I’m involved in triaging referrals that come in. So that’s essentially getting the help and basic support to the people that need it - like emergency boxes of food, getting medicine delivered, getting them matched up with a volunteer who can help out with shopping, or maybe just giving them a check-in call. We use a couple of different pieces of software to help streamline this process and I have become one of the supervisors for this –a ‘super-user’. That’s not my favourite term, but there you go. We’re supposed to be familiar with how the systems work and the different ways that people can get help. For people involved who are less familiar with the system, we’re able to advise them, answering questions that they might have, and giving them pointers to help make it as easy a process as possible.

When we started off I was put into a team with people that I’d never met or spoken to, even though we worked at the Council. It’s been really interesting to get to know these different people and their skills.  For the first few weeks we were trying to figure out what everyone was best at doing, where their energies were best spent. Because we’re all starting from scratch and everyone’s got a blank slate, it is somehow less bureaucratic or hierarchical, and if a change needs to be made, if it’s brought to people’s attention, then that change can happen fairly quickly. And perhaps that’s because people are aware that in this situation, if we want to be effective, we have to respond in a flexible way.

New relationships, internal and external, have been a real positive. I think the way the Council has been collaborating with Oxford Hub, and the Oxford Hub has been working with lots and lots of different organisations, means that the Council has formed stronger bonds with individuals and community groups, like the Central Mosque, that it wouldn’t have otherwise been able to interact with. These relationships that have been built up have been really, really positive and I think it’s important we hold onto them going forward. Within the Council itself, people from different departments have also been collaborating and working together more collectively. I think learning more about other parts of the Council that you wouldn’t have otherwise been in contact with has been really beneficial in terms of who I will now know to contact about such and such going forward.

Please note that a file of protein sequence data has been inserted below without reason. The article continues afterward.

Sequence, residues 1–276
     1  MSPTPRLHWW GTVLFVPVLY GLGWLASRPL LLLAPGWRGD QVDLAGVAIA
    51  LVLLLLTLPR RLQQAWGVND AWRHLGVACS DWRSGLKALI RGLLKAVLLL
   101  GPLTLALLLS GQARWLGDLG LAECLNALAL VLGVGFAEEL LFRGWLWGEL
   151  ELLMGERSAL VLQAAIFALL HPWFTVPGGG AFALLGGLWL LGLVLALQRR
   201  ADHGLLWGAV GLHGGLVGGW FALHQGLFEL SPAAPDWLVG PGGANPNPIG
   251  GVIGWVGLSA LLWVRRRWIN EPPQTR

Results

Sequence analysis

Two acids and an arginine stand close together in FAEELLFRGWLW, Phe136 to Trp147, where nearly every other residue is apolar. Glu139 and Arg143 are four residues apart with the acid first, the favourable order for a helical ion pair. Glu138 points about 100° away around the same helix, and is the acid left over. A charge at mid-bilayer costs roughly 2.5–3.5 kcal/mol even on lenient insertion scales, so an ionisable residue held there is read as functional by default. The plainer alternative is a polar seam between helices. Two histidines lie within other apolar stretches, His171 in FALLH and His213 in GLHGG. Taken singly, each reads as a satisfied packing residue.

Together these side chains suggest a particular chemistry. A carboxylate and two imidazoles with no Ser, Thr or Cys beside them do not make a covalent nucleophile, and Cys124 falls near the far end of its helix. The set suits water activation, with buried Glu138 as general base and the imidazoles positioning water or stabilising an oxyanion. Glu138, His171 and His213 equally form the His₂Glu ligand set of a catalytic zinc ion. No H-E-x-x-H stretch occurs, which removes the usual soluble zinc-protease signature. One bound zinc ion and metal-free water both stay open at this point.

Because everyone’s got a common problem that they want to deal with, it’s really helped to bring groups together, and the willingness of different people to work together in new ways has really changed. I mean I think that’s the main thing for me, that these different volunteering organisations all have a common goal that they’re trying to work towards, and they’re able to share their ideas and share their resources much more effectively. 

For me personally, I feel like maybe now I’m more confident to put my ideas forward, take my ideas forward. Some of the work I’m doing now in my day job is to try and embed some of what we’ve learnt from this into climate change action. If we want to avoid being in a crisis situation a few years down the line, then we need to be taking action right now. And I think that people are generally more receptive to that, and I also think that there will inevitably need to be some change to the way we work, the way we live.  I think that now people have a real understanding of what it means to change the way you live to respond to a crisis. And hopefully, when the government says, “We can’t change all these people who work in the fossil fuel industry, how can we possibly adapt and get them to be working in the renewable industry”, we can say, “We’ve shown that we can adapt”. I think the argument that something is too big a change just doesn’t hold any water now.

Edited by Renata Allen